In this series of posts I will be putting Heston Blumenthal’s methods of cookery up against the traditional methods to see how they fare up. I will be testing to see whether Heston’s methods really are better, and giving you tips and lessons I’ve learnt throughout the process.
Today I tested Heston Blumenthal’s Poached Eggs against the traditional methods of cookery taught at trade school. The traditional method tells you to bring water and vinegar to the simmer and then gently drop in the eggs. Some people swear by making a whirlpool in the water but this does nothing for the cooking, it can improve presentation but limits the number of eggs you can poach at once. Heston’s method is a little more precise, it calls for water to be brought up to 82 degrees celsius and requires you to place a plate or similar on the bottom of the pot to keep the eggs off the direct heat. You then strain the eggs through a slotted spoon to remove the watery part of the egg whites (it is essential that your eggs are fresh or this won’t work properly). The majority of the egg white and all the yolk will hold together. This is then placed into the hot water.
RESULTS: The egg cooked in the traditional method had a hard rubbery egg white caused by the higher heat and the vinegar. The end result is also less consistent in appearance. Whereas with Heston’s method the egg white was soft and wonderful and the yolk had thickened slightly but was completely runny. The end product is consistently the same but looks more like the shape of a fried egg rather then a traditional round poached egg. Heston’s method does however take a lot more effort but in my opinion is by far the best, for me there is no comparison.
What I learnt: I found that putting a cake rack at the bottom of the pot and then placing a metal pizza tray on top worked really well, instead of using a plate. This way you have a completely flat surface to poach your eggs on. Using a thermometer with a clip on it like the ones used by barista’s are excellent as you can leave it clipped onto the side of the pot, and therefore you can monitor the temperature continuously.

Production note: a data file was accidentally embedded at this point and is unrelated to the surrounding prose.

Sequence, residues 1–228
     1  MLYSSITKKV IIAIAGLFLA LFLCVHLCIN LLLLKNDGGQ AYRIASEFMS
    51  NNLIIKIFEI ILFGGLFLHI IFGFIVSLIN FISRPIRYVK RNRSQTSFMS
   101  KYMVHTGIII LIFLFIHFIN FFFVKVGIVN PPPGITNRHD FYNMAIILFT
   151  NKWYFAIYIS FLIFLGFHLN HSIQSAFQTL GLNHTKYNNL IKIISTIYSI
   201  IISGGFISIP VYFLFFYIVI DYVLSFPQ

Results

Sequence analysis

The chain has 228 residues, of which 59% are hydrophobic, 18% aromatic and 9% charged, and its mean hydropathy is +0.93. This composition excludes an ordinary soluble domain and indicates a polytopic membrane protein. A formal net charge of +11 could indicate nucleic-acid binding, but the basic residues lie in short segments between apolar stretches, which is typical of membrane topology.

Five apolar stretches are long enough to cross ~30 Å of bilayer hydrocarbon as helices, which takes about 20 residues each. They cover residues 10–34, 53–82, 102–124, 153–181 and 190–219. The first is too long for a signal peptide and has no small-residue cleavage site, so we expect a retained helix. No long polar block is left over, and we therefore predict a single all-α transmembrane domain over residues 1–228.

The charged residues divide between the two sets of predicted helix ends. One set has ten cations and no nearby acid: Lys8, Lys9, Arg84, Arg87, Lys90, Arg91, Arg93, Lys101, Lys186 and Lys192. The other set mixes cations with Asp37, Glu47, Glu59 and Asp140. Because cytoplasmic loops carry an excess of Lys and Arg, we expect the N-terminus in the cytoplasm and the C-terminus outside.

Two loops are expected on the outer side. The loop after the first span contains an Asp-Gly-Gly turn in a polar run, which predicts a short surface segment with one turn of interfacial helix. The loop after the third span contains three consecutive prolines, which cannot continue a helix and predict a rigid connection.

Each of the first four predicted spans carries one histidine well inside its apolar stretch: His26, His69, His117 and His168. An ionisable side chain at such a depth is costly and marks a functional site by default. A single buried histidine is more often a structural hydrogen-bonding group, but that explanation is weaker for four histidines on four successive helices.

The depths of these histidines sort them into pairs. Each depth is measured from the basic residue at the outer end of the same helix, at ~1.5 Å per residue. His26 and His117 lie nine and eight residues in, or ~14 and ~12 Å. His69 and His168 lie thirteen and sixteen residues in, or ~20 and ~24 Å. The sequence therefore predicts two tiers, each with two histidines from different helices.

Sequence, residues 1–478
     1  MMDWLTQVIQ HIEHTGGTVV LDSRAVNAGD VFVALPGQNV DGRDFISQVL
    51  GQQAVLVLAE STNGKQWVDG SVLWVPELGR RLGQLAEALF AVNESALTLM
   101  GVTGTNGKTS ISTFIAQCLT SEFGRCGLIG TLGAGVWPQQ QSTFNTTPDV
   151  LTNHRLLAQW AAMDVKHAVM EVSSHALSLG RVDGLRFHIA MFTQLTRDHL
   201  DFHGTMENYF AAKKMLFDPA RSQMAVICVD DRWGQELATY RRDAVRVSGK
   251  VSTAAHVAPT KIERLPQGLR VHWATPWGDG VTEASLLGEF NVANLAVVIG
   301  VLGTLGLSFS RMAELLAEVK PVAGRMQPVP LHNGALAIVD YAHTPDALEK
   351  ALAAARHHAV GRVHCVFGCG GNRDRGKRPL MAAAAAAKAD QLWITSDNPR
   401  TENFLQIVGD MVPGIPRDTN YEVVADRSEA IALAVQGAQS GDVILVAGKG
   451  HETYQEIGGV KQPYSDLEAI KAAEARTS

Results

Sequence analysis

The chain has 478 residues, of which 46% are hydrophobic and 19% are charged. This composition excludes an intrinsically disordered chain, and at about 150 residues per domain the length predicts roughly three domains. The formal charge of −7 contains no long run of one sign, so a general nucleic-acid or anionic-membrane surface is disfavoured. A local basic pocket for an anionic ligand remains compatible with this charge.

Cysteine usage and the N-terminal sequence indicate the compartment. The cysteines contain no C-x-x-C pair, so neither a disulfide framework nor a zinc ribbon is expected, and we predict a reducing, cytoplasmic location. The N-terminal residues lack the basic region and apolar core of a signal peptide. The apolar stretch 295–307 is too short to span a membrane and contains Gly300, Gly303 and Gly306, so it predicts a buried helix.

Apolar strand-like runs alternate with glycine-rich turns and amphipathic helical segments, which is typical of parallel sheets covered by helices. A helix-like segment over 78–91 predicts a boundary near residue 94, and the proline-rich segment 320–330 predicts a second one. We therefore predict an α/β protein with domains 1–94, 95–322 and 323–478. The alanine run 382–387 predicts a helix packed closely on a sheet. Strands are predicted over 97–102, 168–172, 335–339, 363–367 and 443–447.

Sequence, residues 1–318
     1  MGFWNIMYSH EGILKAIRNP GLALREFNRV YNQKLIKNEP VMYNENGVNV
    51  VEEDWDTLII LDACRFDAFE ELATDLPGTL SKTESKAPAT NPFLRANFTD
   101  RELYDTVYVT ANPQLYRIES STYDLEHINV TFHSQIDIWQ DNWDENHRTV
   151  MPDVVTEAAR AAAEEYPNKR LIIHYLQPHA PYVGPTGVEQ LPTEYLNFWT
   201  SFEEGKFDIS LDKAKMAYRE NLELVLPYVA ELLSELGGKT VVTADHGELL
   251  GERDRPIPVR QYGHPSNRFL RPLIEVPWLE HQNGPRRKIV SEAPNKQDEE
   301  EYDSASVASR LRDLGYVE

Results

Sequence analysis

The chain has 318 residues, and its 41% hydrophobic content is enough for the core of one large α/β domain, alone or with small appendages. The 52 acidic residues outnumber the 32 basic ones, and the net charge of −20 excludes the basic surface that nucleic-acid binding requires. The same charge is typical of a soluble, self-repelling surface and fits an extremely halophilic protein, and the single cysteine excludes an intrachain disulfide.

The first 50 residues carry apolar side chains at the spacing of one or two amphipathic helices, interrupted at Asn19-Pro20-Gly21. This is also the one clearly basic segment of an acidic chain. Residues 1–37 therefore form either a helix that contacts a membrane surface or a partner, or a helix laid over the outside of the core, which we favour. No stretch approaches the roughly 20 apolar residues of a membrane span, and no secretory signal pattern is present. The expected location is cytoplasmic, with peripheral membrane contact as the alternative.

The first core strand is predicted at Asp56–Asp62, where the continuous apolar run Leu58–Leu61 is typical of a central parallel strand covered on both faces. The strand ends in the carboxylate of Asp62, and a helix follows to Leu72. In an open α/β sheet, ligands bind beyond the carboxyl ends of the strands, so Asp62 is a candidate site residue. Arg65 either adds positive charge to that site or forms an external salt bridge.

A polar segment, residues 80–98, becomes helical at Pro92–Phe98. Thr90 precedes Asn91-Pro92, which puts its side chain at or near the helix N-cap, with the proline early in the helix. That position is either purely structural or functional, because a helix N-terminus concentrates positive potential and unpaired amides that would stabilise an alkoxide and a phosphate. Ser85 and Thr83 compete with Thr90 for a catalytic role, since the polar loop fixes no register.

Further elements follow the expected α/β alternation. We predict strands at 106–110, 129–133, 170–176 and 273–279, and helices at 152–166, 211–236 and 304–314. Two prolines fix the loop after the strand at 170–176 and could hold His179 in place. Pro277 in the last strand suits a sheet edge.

If you don’t have the time or patience to use Heston’s method then here’s my tips for the tradition method of poaching an egg. Buy yourself a deep pot at least 40-45 cm deep, the deeper the better, and bring the water and vinegar to a rapid boil. The reason for the deep pot is to give the outer layer of the egg white enough time to cook before it reaches the base. By doing so you will end up with a beautiful tear shape that looks great when you serve it. As per Heston’s method, strain the runny egg white through a slotted spoon and place the eggs into small individual containers and drop the eggs into the pot where the water is breaking on the surface. By doing so, there will be a shorter time between the first and last egg entering the water and thus a more consistent poached egg. If you’re cooking for a big group make sure you cook your eggs in batches.
When cooking for a big group and you want to serve everyone at the same time cook each batch of eggs for three minutes and put them straight into an ice bath, once cooled put them on a tray and refrigerate till needed. When you are ready to serve put the eggs back into the boiling water for approximately 1.5 to 2 minutes.
Try out both methods and tell me what you think?
For Heston Blumenthal’s Poached Eggs recipe see www.sbs.com.au/food/recipes/heston-blumenthals-poached-eggs
For the How To Cook Like Heston – Eggs episode check out www.youtube.com/watch?v=3gbgSCV9hbM